Getting Technical with Next Generation ION

Obviously, there are some changes to the core ION design, since the previous version was a chipset with integrated graphics while the new version only has to worry about GPU duties. The manufacturing technology for ION has also shifted from 55nm for the first generation to 40nm hardware; this results in a package size reduction from 35x35mm down to 23x23mm. Outside of clock speeds what we're looking at is essentially a netbook/nettop version of the GeForce G 210M (with half the SPs on certain models—see below), with full DirectX 10.1 support. The memory technology will continue to be DDR2, which comes from the Intel NM10 chipset.

Since NG-ION is now a discrete GPU, it also comes with up to 512MB of dedicated DDR3 memory. This alone should provide better performance than the old version, as there's now more bandwidth to go around. NVIDIA isn't disclosing clock speeds yet, but given the process shrink we would expect moderately higher clocks. That probably won't matter much for complex games, as the Atom CPU will continue to be a bottleneck, but it will help with some games and CUDA applications. NVIDIA says that in general NG-ION will be 50 to 100% faster than the original ION.

Like the previous iteration of ION, there will be two versions of ION. Nettop IONs will come with 16 SPs (aka CUDA Cores), while netbooks will come with either 16 SPs or 8 SPs. The 8 SP version is designed specifically to fit within the thermal constraints of a 10.1" chassis, so we'll actually see 10" netbooks with ION this time around. Fewer CUDA Cores may impact gaming performance (depending on the title) and CUDA applications, but NVIDIA says Blu-ray playback will continue to work, so by extension HD video decoding won't be a problem.

The one aspect of the technology that NVIDIA wouldn't discuss extensively is how Optimus works within the bandwidth constraints imposed by the NM10 chipset. Just to clarify, NM10 provides just four PCI Express 1.1 lanes, and while a manufacturer could choose to use all of those for the ION GPU NVIDIA says most will use a single link, leaving the other lanes open for additional devices. PCIe 1.1 provides 250MB/s of bidirectional bandwidth on each link, so that means Optimus will have to work within that constraint. Optimus copies content from the GPU memory to the system memory directly, to avoid any issues with flickering displays, but that means NG-ION will need to transmit a lot of data over a relatively narrow link.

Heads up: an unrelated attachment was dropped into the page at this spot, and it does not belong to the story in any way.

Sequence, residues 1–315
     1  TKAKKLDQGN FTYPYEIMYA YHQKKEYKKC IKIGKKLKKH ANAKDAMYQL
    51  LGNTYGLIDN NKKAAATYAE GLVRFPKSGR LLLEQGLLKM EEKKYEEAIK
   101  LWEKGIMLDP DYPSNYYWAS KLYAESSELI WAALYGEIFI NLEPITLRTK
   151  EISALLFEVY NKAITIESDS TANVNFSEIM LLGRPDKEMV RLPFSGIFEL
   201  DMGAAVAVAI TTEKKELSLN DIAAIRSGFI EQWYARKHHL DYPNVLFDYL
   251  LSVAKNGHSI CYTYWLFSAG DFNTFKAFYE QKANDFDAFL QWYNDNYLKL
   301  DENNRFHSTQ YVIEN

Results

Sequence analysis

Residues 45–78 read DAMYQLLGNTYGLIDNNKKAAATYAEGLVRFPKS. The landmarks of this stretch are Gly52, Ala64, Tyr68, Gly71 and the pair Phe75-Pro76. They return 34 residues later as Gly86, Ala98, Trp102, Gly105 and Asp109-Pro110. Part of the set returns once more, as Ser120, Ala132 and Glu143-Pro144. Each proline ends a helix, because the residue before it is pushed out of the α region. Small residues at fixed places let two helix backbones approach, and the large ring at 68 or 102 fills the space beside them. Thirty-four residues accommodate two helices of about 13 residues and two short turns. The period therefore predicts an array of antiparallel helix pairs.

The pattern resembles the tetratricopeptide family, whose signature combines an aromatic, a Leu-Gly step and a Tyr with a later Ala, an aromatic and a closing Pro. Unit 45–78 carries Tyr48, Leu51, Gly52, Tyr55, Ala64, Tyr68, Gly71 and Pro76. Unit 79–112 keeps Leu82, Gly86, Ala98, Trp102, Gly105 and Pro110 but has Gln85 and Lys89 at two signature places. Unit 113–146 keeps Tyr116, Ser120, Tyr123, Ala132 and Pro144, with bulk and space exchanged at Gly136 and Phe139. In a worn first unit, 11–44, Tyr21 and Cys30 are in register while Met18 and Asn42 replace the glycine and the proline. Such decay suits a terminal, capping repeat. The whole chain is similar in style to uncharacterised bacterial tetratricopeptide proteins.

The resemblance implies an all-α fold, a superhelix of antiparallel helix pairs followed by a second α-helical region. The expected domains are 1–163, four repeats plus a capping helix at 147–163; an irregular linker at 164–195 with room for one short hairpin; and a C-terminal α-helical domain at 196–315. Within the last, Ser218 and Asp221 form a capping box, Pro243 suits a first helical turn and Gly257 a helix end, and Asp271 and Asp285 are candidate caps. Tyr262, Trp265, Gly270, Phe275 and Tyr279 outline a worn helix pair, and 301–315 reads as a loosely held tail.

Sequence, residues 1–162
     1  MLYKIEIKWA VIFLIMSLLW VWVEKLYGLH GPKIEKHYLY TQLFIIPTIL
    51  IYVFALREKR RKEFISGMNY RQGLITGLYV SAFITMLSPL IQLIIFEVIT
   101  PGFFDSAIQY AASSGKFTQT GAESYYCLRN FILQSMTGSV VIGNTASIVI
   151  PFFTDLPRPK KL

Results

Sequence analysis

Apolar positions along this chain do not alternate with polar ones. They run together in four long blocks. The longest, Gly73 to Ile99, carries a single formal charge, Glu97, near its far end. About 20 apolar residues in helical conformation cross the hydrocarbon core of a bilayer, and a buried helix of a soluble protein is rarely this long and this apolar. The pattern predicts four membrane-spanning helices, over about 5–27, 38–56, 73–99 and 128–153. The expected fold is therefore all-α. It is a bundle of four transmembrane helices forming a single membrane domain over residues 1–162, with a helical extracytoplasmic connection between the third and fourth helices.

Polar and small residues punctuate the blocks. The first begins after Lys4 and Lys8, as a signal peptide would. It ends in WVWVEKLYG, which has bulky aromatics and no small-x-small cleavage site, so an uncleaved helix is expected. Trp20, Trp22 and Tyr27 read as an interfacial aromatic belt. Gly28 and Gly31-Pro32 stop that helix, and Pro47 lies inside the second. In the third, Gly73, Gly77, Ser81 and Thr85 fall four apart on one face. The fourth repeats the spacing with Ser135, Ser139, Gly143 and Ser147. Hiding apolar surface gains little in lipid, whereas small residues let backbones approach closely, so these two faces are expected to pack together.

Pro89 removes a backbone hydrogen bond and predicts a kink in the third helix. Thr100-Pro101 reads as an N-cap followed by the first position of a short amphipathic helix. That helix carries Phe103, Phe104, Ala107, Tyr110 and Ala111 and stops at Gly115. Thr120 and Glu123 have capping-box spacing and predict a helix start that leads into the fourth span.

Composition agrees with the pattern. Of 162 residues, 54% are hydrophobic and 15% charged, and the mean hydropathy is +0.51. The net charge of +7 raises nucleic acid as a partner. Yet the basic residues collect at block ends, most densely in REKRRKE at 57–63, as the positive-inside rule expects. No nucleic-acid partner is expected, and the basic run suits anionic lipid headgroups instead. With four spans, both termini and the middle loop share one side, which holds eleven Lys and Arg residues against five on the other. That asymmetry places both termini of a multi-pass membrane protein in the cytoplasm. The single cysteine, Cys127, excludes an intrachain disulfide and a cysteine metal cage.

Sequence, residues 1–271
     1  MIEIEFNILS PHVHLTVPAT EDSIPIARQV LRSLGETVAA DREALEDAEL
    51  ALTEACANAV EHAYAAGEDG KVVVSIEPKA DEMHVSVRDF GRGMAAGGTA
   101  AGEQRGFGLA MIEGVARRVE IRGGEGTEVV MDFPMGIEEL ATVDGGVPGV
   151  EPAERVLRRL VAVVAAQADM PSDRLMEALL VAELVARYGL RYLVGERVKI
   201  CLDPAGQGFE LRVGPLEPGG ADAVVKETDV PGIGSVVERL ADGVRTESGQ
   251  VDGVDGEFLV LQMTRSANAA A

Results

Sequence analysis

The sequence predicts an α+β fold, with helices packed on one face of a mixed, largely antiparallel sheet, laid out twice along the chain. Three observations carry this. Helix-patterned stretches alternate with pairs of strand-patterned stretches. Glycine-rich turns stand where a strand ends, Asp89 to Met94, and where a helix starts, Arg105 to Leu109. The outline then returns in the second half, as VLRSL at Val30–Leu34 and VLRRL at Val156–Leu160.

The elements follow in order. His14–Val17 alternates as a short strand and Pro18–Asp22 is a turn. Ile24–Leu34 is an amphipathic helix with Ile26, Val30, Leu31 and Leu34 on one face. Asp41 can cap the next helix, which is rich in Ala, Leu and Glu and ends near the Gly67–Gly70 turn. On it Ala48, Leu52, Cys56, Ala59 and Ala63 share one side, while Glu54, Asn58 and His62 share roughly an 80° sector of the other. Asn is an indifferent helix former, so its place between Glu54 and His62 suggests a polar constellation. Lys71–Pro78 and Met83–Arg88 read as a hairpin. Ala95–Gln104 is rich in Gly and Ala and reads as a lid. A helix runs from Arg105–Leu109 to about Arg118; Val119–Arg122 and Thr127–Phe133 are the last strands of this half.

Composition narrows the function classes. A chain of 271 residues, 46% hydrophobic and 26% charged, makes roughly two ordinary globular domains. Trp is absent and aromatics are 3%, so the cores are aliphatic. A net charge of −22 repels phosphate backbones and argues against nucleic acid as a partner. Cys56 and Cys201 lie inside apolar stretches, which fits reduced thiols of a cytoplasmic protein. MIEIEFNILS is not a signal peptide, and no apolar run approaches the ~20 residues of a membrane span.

Driving a low resolution 1024x600 LCD at 60FPS isn't a problem, but even at 1366x768 we are at the limits of x1 bandwidth (such a display would require 251.78MB/s to be exact). NVIDIA says that NG-ION won't have any trouble driving up to 1080p displays, so naturally we were curious how they manage to get 1920x1080x32-bit @ 60FPS (497.66MB/s) over a 250MB/s link. For now, unfortunately, they aren't saying, other than that there's some "intelligent work" going on in the drivers. Real-time compression is one option, and if you only transmit the meaningful 24-bits of color you can save 33% of the total bandwidth. All we know is that NVIDIA says it works, that the content isn't compressed (presumably that means no lossy compression, as clearly there has to be some form of compression happening), and that they're not overclocking the PCIe bus. In short, Optimus has some "special sauce" that NVIDIA doesn't want to disclose (yet?).

Update: The answer was staring me in the face, but I missed it. NVIDIA was kind enough to provide the remaining information. If you read below, HDMI requires the GPU, since the Atom IGP doesn't support HDMI output. That solves any question of 1080p support, since the only thing going over the x1 link at that point is the compressed video stream. For content running on the laptop LCD, the maximum resolution supported by the Atom LVDS controller is 1366x768, so NVIDIA can do two things. First, any content at a higher resolution (e.g. 1080p Blu-ray) can be scaled down to 1366x768 before going over the x1 PCI-E bus. Second, most videos are at 30p or 24p, so 1366x768x32-bit @ 30FPS is well withing the bandwidth constraints of an x1 link (125.9MB/s). For 1366x768 @ 60FPS, rendering internally at 32-bit (with the Alpha/Z/Bump channel) and then transmitting the final 24-bits of color data still seems like a good solution, but NVIDIA didn't clarify if they're doing anything special for that case or if they're just saturating the x1 link.